AE: I think Monsanto is a perfect example of regulatory capture where an industry captures the levers of government, levers of our democracy that are supposed to protect us from companies that would profit over our health being impacted in a really negative way. I mean people may be allergic to these crops, to the chemicals that are used on them, and they are trying to avoid them. And in America they have no right to know if the food has been genetically modified or not. And that is something I brought up at the meeting, if you want to be transparent you ought to label the food.
So yes, you have people at the FDA like Michael Taylor who is the head of food safety who also was the vice-president of Monsanto for a decade and prior to that worked at the FDA as well. So it’s a revolving door, he was at the FDA, went to work for Monsanto and now he’s back at the FDA. It’s clear that secretary of state Clinton, she emphasized giving these hybrid seeds to Africa, yet there’s no proof this is going to help African farmers. I think quite the contrary – they are going to become dependent on buying seeds from the United States when they should be able to save their seeds and develop their own varieties in Africa.
(KPLR) – Protestors in front of Monsanto Thursday to pressure the company’s CEO to make shareholder meetings more transparent. The bio-tech firm located in Creve Coeur, voted on a shareholder proposal to launch a study on risks and impacts of its genetically modified organisms. The activists supported the study, but are pointing out Monsanto is not living up to its own goal of ensuring information is accessible to the public.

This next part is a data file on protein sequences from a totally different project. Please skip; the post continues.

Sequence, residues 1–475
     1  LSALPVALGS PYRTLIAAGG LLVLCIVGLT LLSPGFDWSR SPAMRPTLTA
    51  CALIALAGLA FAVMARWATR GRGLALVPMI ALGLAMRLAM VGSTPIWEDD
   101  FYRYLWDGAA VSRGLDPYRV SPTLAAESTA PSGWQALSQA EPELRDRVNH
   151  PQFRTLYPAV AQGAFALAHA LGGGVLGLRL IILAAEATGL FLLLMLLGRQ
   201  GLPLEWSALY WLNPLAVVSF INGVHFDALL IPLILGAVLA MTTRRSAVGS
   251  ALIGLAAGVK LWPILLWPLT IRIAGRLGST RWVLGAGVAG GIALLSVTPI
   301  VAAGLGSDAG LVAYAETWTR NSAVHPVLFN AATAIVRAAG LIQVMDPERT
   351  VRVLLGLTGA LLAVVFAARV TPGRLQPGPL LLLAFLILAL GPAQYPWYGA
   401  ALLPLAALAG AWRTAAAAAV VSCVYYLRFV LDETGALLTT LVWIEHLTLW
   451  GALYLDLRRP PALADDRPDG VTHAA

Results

Shareholders for Monsanto gathered on the campus of the Creve Coeur agri-giant’s world headquarters Thursday to elect members of the company’s Board of Directors.
Approximately eight demonstrators, calling themselves Occupy Monsanto, spent several hours Thursday afternoon holding signs and banners along Olive Boulevard. The group was protesting Monsanto’s use of genetically modified organisms (GMOs) and its lack of transparency in research.
Adam Eidinger, speaking on behalf of Harrington Investments and the Pesticide Action Network, read a statement to protesters before heading inside to speak to other shareholders. Eidinger said he owns 75 shares of Monsanto stock.
Eidinger said he was going to speak to the shareholders about transparency in labeling, research and business practices.
His speech read, in part:
The way forward is by upholding the Company’s pledge to transparency. First, this means following the lead of other Fortune 500 companies like Apple, Coca-Cola and Walmart and begin to stream over the Internet audio and video of all future shareholder meetings. Second, the Company should cease its efforts to stymie legislative solutions that provided increased transparency around GMO foods. States like Washington, Hawaii, Connecticut, Oregon, New Mexico, Vermont and even here in Missouri have legislative solutions in the works. These efforts should be embraced by the Company, not fought off with lobbyists and lawyers. Third, the Company needs to provide scientists access to the Company’s seeds and existing body of research. Let independent scientist provide the much needed peer-reviewed studies, so the public at large believes this Company is being truly transparent.
Eidinger quoted Monsanto CEO Hugh Grant from an interview with the Wall Street Journal. Grant said “we (Monsanto) needs to do a much better job explaining where food comes from.” To view the full WSJ interview, click here.